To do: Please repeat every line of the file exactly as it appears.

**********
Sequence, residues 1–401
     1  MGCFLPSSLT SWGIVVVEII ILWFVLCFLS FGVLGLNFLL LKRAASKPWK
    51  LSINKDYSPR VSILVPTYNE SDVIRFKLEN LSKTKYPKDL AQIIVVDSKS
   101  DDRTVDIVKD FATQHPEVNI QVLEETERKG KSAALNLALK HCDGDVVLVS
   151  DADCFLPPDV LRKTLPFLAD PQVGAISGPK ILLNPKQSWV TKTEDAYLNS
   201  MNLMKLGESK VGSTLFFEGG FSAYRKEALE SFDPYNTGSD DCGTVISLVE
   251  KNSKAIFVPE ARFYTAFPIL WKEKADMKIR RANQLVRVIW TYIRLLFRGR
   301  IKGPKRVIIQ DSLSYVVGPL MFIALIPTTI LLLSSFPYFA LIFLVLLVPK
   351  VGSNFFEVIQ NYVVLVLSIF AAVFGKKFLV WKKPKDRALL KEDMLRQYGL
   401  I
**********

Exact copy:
Sequence, residues 1–401
     1  MGCFLPSSLT SWGIVVVEII ILWFVLCFLS FGVLGLNFLL LKRAASKPWK
    51  LSINKDYSPR VSILVPTYNE SDVIRFKLEN LSKTKYPKDL AQIIVVDSKS
   101  DDRTVDIVKD FATQHPEVNI QVLEETERKG KSAALNLALK HCDGDVVLVS
   151  DADCFLPPDV LRKTLPFLAD PQVGAISGPK ILLNPKQSWV TKTEDAYLNS
   201  MNLMKLGESK VGSTLFFEGG FSAYRKEALE SFDPYNTGSD DCGTVISLVE
   251  KNSKAIFVPE ARFYTAFPIL WKEKADMKIR RANQLVRVIW TYIRLLFRGR
   301  IKGPKRVIIQ DSLSYVVGPL MFIALIPTTI LLLSSFPYFA LIFLVLLVPK
   351  VGSNFFEVIQ NYVVLVLSIF AAVFGKKFLV WKKPKDRALL KEDMLRQYGL
   401  I